Saudi Arabia reduces ministers' pay, cuts public sector bonuses
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Saudi Arabia reduces ministers’ pay, cuts public sector bonuses

Saudi Arabia reduces ministers’ pay, cuts public sector bonuses

Saudi Arabia racked up a record budget deficit of nearly $100bn last year, forcing it to find new savings


Saudi Arabia will cut ministers’ salaries by 20 per cent and scale back financial perks for public sector employees in one of the most drastic measures yet by the energy-rich kingdom to save money at a time of low oil prices.

The measures, disclosed in a cabinet statement and royal decree broadcast on state-run Ekhbariya TV on Monday, constitute the first pay cuts for government employees, who make up about two-thirds of working Saudis.

“The cabinet has decided to stop and cancel some bonuses and financial benefits,” read a line of text on Ekhbariya, as a minister read to assembled ministers and royals, including King Salman, a list of cuts in various grades in the civil service.

The plunge in oil prices since mid-2014 has pushed energy-rich Gulf Arab states to rein in lavish public spending.

Saudi Arabia racked up a record budget deficit of nearly $100bn last year, forcing it to find new savings and ways to raise money.

A royal decree read directly after the broadcast on the TV channel announced the cut in ministers’ pay. Housing and car allowances for members of the appointed Shoura Council will be cut by 15 per cent.

Overtime bonuses were curbed at between 25 and 50 per cent of basic salaries, while annual leave may no longer exceed 30 days.

An exception will be made for troops involved in combat along the southern border and abroad as part of an 18-month military intervention led by Saudi Arabia in neighbouring Yemen.

Sign of the times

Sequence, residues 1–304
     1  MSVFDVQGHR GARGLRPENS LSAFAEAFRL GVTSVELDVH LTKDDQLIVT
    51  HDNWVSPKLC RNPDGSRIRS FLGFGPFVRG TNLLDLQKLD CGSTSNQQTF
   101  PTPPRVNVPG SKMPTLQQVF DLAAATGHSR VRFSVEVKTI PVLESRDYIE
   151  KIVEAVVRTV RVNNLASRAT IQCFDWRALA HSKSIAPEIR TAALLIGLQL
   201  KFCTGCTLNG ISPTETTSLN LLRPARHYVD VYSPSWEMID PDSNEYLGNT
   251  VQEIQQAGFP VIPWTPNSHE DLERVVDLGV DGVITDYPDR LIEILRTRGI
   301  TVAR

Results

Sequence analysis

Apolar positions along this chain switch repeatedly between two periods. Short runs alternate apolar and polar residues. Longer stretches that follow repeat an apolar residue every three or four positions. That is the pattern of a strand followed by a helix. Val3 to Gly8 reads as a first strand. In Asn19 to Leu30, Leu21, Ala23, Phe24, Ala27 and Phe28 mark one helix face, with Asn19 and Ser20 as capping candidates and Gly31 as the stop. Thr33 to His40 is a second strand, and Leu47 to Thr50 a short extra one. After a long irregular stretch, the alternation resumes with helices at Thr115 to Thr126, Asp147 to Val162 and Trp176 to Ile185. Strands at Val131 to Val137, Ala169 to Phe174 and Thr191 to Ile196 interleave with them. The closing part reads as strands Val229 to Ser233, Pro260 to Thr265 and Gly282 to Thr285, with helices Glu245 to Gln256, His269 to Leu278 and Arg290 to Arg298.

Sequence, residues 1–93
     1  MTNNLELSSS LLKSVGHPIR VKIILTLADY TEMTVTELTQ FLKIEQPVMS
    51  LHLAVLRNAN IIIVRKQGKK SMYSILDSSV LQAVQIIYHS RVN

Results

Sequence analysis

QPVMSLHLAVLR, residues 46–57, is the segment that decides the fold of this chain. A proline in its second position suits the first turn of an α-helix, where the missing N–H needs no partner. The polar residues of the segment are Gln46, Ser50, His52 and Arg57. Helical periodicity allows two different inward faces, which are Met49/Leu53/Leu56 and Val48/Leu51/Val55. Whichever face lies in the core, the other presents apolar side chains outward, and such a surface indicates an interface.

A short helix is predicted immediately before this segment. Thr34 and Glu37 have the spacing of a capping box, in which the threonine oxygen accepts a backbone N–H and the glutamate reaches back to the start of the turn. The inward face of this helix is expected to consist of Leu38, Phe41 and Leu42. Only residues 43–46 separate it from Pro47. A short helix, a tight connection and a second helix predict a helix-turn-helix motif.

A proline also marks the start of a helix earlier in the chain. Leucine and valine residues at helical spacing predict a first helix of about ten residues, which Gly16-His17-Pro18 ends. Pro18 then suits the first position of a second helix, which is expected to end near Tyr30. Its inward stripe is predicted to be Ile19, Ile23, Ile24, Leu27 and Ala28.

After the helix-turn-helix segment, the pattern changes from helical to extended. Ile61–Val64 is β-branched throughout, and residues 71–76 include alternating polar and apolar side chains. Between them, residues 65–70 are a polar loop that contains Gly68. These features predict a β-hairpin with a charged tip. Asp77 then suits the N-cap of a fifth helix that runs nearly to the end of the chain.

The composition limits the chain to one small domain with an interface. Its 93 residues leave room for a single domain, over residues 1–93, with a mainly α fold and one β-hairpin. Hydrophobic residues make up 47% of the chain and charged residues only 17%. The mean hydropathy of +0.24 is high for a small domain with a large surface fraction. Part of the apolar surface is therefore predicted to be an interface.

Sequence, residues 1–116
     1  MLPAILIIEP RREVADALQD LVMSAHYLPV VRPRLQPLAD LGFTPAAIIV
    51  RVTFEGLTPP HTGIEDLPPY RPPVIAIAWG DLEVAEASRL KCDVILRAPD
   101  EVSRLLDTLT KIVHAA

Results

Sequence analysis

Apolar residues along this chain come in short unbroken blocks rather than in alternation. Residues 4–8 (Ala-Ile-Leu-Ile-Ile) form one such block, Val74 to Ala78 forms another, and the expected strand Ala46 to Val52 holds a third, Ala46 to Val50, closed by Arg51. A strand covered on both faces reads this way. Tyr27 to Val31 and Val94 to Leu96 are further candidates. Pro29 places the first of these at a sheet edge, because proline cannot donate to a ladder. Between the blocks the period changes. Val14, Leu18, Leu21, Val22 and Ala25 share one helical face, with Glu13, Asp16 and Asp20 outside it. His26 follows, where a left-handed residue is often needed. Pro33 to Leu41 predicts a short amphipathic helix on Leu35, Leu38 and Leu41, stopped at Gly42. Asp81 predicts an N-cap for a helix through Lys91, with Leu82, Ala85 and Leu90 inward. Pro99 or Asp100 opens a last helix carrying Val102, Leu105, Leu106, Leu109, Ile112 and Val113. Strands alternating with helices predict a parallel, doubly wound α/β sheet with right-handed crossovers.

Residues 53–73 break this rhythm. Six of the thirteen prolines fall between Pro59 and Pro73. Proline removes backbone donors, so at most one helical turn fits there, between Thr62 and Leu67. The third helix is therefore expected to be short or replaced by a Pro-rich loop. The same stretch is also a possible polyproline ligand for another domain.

“It’s one more economic measure to balance spending. Of course people don’t like it, but it’s a sign of the times,” Saudi analyst and editor of Al Arab News Jamal Khashoggi said.

“Probably the teachers and many others will be affected by it. It shows why it’s important for the private sector and Saudi GDP to diversify,” he told Reuters.

Saudi Arabia unveiled a reform plan this year to wean the economy off its addiction to oil, on which the government depends for the overwhelming share of its revenues.

The so-called “Vision 2030” initiative aims to jumpstart the private sector, provide jobs for a growing population and collect more non-oil revenue.

The cuts to public sector perks, effective Oct 1, are the stiffest in a series of recent measures to boost revenue.

Last month the cabinet approved proposals to raise a range of government fees including visa charges and fines for some traffic violations such as “drifting,” or the reckless skidding of cars at high speed — a pastime for some Saudi youth.

It cut subsidies for power and water last December, then sacked the minister responsible following a public outcry over how the new water tariffs were applied.

Deputy Crown Prince Mohammed bin Salman, who is responsible for the sweeping economic reforms, was quoted as saying the water price increases had not been implemented as planned.

Saudi Twitters users responded to the announcement with dismay, many sharing photos of former King Abdullah and recalling past prosperity.

One Twitter user, Rayan al-Shamri, said the move boded ill for the future: “God be with the citizens, we are back to the time of poverty.”


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